The Codcast: Business tackles transportation emissions

Alli Gold Roberts says the business community is a bigger supporter of addressing climate change than you might think.

A senior manager for state policy at Ceres, which works with Fortune 500 companies and other business groups in addressing sustainability issues, Roberts said many businesses view climate change from a perspective of self-interest. Transportation, for example, accounts for more than  a third of greenhouse gas emissions in New England. Business leaders want to reduce those emissions, but they also want to reduce congestion and improve public transit so their employees can get to work and their products can get to market.

Roberts joined James Aloisi, a board member of TransitMatters, and Stacy Thompson, executive director of the Livable Streets Alliance, on this week’s Codcast. They discussed the role businesses and their employees can play in addressing greenhouse gas emissions in the transportation sector.

Employees should encourage their employers to get involved with the climate change effort and customers should support businesses that are trying to reduce greenhouse gas emissions, Gold said. She noted Clif Bar & Company of Emeryville, California, offers its employees $6,500 toward the purchase of an electric vehicle and Target is installing electric vehicle charging stations at many of its stores.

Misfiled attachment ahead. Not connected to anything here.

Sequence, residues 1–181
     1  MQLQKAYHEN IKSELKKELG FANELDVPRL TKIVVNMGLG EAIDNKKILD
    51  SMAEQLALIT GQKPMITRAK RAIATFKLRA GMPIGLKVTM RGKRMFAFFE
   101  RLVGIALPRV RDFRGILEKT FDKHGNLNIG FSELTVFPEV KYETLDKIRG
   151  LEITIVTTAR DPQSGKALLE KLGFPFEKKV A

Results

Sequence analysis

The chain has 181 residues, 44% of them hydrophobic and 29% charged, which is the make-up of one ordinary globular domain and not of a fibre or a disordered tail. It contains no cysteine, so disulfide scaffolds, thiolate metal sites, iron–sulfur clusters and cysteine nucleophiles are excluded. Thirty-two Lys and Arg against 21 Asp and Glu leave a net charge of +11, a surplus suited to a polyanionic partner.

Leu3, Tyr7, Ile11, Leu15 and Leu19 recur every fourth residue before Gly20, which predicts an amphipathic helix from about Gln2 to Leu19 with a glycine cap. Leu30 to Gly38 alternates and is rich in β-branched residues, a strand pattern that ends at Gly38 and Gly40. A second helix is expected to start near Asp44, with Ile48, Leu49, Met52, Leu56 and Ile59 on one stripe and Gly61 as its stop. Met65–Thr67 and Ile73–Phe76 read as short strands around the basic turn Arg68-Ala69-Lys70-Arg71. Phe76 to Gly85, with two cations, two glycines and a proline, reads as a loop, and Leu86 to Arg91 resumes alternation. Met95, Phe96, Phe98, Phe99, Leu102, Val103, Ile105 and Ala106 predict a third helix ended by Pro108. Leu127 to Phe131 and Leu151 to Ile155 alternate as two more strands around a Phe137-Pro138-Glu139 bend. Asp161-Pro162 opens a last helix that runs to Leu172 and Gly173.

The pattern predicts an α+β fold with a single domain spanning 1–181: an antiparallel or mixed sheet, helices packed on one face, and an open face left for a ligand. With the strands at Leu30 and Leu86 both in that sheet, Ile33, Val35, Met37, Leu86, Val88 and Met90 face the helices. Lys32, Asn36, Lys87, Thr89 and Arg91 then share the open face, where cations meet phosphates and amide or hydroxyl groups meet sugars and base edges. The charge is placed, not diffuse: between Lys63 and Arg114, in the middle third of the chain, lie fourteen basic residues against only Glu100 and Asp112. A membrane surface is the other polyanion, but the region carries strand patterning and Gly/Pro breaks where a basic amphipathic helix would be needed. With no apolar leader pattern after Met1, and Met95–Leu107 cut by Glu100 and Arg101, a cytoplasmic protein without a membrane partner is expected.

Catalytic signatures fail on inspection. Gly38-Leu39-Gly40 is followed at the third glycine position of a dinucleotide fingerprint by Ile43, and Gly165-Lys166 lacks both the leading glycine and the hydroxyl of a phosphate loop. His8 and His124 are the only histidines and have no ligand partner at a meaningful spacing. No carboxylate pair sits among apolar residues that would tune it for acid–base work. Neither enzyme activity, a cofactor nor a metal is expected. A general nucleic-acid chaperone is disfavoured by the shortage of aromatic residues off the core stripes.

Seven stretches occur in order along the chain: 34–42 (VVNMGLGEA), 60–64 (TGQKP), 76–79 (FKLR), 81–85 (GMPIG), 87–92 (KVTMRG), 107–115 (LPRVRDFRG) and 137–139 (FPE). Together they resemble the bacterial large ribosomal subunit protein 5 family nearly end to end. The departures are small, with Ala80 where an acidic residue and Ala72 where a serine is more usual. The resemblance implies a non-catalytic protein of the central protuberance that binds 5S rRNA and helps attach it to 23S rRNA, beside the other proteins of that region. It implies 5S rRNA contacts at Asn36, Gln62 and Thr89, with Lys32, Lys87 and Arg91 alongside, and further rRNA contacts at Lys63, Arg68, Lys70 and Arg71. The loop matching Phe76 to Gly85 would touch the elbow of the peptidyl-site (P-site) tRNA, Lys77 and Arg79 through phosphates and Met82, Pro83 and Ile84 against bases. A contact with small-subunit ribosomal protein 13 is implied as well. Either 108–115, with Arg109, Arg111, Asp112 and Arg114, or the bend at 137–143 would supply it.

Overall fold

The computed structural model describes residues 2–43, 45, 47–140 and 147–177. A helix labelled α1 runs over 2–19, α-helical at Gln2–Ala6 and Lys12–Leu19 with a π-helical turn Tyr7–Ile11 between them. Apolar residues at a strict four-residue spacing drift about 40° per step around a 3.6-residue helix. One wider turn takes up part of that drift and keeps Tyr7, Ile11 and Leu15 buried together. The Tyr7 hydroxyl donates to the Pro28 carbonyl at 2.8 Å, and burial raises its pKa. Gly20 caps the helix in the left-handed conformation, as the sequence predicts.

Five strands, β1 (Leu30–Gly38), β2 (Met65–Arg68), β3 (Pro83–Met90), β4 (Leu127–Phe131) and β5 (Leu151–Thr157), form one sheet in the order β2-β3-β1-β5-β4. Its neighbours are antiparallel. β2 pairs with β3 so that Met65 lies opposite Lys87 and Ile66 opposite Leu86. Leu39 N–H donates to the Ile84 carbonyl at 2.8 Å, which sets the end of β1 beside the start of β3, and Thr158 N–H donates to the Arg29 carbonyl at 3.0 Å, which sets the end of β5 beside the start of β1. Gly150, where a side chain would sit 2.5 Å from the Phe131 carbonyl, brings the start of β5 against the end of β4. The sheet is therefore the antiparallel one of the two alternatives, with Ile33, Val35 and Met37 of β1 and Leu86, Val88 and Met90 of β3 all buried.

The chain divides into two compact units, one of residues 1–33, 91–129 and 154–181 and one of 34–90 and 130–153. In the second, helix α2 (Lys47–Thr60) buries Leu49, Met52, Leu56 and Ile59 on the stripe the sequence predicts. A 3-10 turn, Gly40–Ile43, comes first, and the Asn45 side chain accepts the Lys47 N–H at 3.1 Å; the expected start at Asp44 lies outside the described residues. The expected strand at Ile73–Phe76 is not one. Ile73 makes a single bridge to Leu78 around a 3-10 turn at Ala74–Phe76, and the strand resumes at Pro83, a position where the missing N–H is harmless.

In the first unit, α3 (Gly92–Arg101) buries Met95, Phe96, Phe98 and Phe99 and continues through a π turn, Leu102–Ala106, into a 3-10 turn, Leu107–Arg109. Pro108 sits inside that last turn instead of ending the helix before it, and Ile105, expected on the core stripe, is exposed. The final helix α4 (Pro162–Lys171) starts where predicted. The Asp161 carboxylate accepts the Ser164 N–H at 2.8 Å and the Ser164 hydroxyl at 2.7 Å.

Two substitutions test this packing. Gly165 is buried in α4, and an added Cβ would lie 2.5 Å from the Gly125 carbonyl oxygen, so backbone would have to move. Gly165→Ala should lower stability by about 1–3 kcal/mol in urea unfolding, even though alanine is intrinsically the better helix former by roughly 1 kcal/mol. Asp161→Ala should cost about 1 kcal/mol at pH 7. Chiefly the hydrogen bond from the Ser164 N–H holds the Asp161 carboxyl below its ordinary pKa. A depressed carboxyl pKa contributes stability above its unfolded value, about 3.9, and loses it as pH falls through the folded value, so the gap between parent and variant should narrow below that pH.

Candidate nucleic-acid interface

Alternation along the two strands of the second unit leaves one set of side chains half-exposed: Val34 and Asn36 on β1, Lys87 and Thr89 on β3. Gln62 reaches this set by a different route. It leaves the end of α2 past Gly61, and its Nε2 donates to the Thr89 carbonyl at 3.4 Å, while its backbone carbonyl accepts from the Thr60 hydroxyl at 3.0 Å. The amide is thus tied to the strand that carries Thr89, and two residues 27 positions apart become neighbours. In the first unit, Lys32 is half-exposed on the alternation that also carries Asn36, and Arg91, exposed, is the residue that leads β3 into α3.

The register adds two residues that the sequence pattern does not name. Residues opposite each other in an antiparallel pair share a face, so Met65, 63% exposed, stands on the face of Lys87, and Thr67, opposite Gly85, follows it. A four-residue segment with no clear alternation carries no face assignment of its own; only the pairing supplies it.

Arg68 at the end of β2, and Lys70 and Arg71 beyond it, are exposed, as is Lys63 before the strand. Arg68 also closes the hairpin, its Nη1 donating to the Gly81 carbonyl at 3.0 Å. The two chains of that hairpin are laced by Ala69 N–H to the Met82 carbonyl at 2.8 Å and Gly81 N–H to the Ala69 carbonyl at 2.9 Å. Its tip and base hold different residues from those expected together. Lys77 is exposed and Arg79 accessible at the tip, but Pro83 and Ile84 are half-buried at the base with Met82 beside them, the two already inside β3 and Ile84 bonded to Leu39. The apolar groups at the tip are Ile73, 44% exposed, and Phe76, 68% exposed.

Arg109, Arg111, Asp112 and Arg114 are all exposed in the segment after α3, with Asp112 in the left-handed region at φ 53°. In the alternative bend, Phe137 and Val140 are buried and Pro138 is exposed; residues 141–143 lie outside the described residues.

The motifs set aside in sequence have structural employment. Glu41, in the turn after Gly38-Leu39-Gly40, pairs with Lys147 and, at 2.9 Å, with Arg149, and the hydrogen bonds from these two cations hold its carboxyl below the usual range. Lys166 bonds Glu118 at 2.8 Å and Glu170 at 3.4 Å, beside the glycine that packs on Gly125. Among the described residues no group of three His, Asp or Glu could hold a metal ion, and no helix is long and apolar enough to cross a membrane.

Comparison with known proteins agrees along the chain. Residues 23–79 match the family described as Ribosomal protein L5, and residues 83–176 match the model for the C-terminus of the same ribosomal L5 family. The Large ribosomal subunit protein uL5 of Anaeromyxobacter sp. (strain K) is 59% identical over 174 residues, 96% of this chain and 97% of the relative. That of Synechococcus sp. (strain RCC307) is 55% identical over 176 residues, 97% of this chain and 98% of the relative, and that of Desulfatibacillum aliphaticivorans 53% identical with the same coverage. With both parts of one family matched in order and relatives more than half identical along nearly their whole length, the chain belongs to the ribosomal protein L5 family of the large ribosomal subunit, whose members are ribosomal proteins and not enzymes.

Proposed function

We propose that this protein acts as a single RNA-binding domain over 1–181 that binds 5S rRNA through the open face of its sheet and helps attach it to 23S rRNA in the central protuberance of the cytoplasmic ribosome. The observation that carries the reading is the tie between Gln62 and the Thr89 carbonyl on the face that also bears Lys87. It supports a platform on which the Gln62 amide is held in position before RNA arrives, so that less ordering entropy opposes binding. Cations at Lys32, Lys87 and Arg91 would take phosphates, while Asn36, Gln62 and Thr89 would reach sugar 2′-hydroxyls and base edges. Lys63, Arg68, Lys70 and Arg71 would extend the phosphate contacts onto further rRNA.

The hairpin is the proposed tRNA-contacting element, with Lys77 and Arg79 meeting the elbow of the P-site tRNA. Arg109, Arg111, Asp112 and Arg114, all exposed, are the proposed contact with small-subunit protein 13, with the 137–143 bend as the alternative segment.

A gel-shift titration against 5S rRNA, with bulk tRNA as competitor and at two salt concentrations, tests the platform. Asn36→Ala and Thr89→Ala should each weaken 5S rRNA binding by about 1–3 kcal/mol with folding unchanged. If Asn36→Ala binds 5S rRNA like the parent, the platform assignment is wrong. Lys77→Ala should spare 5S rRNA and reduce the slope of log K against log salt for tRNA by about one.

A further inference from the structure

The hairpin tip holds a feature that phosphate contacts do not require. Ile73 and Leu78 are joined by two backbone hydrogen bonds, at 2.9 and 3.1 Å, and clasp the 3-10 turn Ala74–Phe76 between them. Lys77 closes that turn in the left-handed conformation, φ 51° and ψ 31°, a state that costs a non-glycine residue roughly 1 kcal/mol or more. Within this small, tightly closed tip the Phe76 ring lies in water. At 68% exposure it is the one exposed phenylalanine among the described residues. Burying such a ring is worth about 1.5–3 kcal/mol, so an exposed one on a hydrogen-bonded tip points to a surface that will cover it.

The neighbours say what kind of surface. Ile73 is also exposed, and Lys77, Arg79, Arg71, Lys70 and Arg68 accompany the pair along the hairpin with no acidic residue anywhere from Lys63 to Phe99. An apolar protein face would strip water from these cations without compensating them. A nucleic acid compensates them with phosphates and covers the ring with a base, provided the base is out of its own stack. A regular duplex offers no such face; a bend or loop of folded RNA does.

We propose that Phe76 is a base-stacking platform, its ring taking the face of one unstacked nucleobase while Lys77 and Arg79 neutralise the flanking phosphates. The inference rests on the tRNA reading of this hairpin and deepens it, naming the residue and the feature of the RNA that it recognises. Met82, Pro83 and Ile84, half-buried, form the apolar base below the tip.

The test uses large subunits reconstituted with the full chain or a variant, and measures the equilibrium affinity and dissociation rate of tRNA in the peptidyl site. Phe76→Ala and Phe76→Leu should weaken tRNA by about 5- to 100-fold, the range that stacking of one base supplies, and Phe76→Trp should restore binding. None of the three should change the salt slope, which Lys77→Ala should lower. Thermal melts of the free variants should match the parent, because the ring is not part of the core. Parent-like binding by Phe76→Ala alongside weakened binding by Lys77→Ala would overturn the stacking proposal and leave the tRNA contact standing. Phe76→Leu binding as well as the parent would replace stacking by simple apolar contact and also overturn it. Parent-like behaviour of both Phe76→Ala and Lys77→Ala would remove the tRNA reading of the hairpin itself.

Roberts said there has been a lot of progress in New England in reducing emissions from the power sector, but little attention has been paid so far to transportation. She noted 12 states plus the District of Columbia are currently exploring the development of a Transportation Climate Initiative that would attempt to attack the problem regionally, using the same playbook the Regional Greenhouse Gas Initiative has followed in addressing emissions in the power sector.

The Transportation Climate Initiative is bipartisan, just as support from the business community is more about outcomes than politics, Gold said. “This is really not about politics at all. It’s truly about economic competitiveness,” she said.



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